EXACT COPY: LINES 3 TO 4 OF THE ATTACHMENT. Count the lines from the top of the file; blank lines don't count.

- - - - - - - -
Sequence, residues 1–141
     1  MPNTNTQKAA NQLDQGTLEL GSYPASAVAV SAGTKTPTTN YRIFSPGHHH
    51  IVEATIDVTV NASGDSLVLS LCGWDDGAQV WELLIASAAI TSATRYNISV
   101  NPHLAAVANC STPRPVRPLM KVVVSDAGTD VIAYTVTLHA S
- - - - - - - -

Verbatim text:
    51  IVEATIDVTV NASGDSLVLS LCGWDDGAQV WELLIASAAI TSATRYNISV
   101  NPHLAAVANC STPRPVRPLM KVVVSDAGTD VIAYTVTLHA S